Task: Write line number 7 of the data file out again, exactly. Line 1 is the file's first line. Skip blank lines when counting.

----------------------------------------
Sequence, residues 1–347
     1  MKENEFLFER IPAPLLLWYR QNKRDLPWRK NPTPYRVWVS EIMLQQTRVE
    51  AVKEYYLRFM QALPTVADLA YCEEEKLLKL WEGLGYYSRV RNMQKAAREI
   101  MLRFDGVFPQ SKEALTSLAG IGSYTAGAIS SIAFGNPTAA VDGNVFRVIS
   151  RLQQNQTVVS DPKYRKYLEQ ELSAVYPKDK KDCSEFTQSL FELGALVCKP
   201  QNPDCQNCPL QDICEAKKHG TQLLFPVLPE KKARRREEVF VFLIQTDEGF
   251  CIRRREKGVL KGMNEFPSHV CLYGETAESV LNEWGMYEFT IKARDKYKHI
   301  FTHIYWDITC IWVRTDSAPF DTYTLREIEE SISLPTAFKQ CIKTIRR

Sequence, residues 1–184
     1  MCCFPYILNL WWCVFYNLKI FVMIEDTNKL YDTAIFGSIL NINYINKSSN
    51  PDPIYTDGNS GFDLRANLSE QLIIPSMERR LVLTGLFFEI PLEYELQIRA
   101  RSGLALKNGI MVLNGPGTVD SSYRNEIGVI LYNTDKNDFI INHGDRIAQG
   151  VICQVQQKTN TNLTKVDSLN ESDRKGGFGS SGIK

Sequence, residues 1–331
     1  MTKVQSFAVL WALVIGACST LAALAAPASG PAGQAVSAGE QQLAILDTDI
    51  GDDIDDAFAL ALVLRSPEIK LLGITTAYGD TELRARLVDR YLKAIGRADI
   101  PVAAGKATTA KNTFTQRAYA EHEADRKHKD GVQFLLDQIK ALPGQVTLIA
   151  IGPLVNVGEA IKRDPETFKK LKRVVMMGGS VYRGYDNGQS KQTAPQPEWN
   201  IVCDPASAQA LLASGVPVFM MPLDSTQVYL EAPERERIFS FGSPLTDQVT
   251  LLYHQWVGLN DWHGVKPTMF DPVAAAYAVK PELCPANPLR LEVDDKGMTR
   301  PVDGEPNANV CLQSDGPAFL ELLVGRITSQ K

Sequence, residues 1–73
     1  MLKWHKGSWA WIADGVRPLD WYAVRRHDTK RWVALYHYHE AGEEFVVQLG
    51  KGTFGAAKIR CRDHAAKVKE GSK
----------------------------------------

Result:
   251  CIRRREKGVL KGMNEFPSHV CLYGETAESV LNEWGMYEFT IKARDKYKHI